Network Effects - Winner Take Most

The examples used so far - a new home monitoring device and milk - are relatively simple products. Willingness to pay, costs, market size, and competition are more complex in most markets. For example, there are marketplaces like eBay in which the value of the network to any participant, and their willingness to pay, depends on how many suppliers and buyers there are. At eBay, the company needed many buyers and many sellers to justify charging fees for transactions or services.  

Companies like eBay benefit from what are called network effects - the value of the network grows exponentially as you add suppliers and buyers arithmetically. In such markets, there is likely to be one winner or perhaps a few. These kinds of opportunities require that the entrepreneur try to win the race because the second-place competitor can’t do very well.

Uber is another example of a marketplace that depends on attracting many users and drivers. Uber offers certain benefits to users relative to the most obvious competition - taxis and limos. Drivers find they can make enough money as Uber drivers because so many customers have the app and want to use the service. Uber can’t charge customers too much or take too large a transaction fee, or the market will disappear. Uber expanded its range of services - from Uber Pool to Uber SUV - to capture as many customers as possible at different price points.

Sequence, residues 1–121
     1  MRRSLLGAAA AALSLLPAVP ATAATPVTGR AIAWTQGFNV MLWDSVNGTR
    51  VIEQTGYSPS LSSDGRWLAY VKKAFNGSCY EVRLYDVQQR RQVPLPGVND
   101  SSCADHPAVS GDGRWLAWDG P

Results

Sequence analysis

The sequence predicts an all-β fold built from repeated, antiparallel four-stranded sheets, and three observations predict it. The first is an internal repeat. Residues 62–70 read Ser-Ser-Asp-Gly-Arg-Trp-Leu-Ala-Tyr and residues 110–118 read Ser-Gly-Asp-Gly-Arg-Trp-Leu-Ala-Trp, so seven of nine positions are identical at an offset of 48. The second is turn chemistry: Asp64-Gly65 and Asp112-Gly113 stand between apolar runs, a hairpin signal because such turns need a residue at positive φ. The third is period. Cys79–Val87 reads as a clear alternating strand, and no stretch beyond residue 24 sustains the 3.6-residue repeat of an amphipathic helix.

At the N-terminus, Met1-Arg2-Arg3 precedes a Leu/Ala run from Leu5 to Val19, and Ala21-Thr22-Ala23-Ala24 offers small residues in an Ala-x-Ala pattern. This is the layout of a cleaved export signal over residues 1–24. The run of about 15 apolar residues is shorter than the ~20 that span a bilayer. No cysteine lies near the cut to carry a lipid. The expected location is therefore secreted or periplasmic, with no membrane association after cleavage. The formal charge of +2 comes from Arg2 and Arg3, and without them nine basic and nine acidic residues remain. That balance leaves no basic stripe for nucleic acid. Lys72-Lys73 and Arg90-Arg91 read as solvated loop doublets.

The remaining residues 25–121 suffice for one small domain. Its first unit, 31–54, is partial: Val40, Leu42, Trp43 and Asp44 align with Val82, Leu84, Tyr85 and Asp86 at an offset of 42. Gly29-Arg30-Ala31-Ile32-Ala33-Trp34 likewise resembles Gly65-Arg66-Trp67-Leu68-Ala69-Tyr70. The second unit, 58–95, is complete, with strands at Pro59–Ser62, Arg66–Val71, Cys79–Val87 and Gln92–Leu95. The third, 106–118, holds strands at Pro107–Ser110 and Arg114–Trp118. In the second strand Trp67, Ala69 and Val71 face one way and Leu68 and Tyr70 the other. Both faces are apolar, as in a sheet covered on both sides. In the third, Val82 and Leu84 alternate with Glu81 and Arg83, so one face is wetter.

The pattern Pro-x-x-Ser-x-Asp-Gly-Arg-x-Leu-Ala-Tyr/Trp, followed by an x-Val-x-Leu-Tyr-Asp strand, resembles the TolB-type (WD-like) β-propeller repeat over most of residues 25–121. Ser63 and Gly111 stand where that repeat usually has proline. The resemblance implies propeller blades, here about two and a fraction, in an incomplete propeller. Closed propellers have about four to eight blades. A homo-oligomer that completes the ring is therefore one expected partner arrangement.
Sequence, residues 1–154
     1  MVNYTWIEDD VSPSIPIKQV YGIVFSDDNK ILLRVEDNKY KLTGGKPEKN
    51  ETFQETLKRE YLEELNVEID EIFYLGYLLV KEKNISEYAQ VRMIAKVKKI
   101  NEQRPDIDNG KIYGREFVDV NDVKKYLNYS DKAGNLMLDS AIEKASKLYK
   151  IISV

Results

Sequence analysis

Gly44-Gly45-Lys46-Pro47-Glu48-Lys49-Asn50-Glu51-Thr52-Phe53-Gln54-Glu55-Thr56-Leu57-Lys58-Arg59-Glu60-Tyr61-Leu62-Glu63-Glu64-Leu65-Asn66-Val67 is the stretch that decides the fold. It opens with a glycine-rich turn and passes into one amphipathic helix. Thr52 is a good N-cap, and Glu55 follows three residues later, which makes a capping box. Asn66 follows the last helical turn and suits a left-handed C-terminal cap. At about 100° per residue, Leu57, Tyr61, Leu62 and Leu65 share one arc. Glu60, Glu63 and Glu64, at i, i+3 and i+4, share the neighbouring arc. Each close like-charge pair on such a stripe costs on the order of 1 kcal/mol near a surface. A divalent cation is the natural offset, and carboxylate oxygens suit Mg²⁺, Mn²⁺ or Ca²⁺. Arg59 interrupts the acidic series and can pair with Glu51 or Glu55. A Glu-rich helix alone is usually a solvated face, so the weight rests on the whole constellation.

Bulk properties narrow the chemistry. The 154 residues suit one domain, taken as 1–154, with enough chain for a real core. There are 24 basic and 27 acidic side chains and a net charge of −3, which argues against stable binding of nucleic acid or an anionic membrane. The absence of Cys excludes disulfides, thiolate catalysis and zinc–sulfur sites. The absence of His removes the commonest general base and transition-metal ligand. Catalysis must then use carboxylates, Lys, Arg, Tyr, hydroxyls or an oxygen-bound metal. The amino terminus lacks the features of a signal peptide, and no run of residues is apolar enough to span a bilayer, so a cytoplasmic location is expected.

Compound Products

Another consideration could be if you sell a compound product, like a razor and a blade - you might project how much customers are willing to pay in total for shaving, but then charge different prices for each component. Famously, Gillette made low margins on its razors but high profits on its blades. The same was true of printers and ink cartridges - once a customer bought a printer, they were dependent on the original manufacturer for ink, though this dependence eventually changed as new players introduced substitute supplies at lower prices.

A final consideration relates to when customers pay. To illustrate, if you launch a magazine, or a software service, you might get customers to pay in advance of delivering the service. If you get paid up front, that has a dramatic impact on how much capital you will need and ongoing operating cash flows. No matter what business you are in, there are limits to what customers will pay and when they will pay. Customers have options. 

Pricing Strategy

Finally, your pricing strategy, which is different from willingness to pay, may involve setting introductory low prices, or even offering your product or service for free. Indeed, in some cases, you might be willing to pay customers to use your product or service because you have other potential revenue streams like advertising or lead generation. At Facebook, for example, the company spent most of the early years attracting users rather than generating revenues. When the platform was large enough, Facebook could get advertisers to pay for access to highly targeted potential or existing customers.